Blog Posts

By Michael J. Searcy

According to the Medscape Physician Compensation Report for 2017, the top physician earners were orthopedists, plastic surgeons and cardiologists, earning an average of $446,333 per year. The lowest earners were pediatricians, endocrinologists and family physicians, earning an average of $210,333 per year. By many accounts, these salaries are high, but they don’t show the whole financial story of a physician. They don’t show that in 2016, the average salary for a resident was $56,500 and that many are in the resident stage for 6-8 years. They don’t show that 40% of residents have over $200,000 in medical school debt or that 41% of physicians in their early 40s are still trying to pay off their student loans. Physicians are not immune to debt; here are some questions about debt we frequently hear:

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By Michael J. Searcy

As you navigate through the financial stages of your life as a physician, careful planning not only prepares you for each stage, but also helps you maximize your time in each and fulfill goals along the way. The work-life balance for a busy physician can become lopsided when your priorities are not defined. We often hear physician clients who enter retirement say, “I wish I would have spent more time focusing on the things I love along the way.” Consider these goals and action items that are important during the 5 typical financial stages of life:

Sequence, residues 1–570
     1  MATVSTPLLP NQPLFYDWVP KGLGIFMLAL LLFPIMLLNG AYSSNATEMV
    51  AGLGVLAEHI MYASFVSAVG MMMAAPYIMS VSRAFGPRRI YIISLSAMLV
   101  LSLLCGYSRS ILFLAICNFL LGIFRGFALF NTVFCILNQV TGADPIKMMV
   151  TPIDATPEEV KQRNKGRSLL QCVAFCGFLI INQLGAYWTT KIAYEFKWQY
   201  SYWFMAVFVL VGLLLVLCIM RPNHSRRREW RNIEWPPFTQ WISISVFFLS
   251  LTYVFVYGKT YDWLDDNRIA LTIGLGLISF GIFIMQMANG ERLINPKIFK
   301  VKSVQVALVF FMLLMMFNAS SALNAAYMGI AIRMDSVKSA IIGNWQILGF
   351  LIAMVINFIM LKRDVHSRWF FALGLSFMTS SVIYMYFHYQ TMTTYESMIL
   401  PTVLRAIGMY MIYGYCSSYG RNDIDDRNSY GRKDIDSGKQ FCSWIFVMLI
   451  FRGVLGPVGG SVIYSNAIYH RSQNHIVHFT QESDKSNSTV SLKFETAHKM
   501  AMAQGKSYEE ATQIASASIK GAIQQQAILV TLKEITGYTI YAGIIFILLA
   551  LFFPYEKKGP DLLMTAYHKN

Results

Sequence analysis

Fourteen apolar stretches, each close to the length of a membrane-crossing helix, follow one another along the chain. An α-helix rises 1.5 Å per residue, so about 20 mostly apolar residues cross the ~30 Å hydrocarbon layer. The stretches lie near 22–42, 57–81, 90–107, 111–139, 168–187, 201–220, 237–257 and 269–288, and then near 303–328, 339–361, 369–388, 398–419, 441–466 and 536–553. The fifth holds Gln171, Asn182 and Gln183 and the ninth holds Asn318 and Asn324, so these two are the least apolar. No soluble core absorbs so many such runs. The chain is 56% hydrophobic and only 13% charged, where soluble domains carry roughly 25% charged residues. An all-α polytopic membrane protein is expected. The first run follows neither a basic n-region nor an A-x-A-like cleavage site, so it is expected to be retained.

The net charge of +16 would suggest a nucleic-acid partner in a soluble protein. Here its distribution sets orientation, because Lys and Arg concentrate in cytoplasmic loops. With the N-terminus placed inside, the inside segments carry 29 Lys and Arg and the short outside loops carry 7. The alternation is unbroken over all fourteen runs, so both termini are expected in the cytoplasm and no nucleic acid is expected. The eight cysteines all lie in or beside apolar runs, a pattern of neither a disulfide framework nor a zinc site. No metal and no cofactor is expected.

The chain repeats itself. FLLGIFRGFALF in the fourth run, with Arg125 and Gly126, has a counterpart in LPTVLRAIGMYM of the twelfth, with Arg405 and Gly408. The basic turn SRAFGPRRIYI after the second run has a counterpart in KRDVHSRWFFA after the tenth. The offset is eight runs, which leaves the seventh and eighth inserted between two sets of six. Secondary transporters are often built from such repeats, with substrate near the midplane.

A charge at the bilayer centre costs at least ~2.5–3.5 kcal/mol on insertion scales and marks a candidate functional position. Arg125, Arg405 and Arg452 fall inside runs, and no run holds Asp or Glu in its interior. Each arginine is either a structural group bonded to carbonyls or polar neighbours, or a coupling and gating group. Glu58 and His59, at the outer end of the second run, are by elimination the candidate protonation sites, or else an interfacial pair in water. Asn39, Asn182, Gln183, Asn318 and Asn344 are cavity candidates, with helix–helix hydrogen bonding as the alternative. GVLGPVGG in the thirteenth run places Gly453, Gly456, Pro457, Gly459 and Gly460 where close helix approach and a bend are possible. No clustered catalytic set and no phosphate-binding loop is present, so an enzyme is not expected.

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By Michael J. Searcy

The average age of a first-year practicing physician in the U.S. is 31. This puts young physicians nearly 10 years behind their same-age peers when it comes to their number of earning years. Because young physicians can quickly go from very low pay during school and residency to very high amounts of pay, the first 10 years in practice are critical for building a solid financial foundation.

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By Michael J. Searcy

As a physician, you spend countless hours working so that others can enjoy a healthy and fulfilling life, leaving you with fewer hours to spend on yourself and your finances. With your focus on your profession, you may fall victim to making financial mistakes that can add up over the long run. Here are four financial mistakes physicians make and ways to avoid them:

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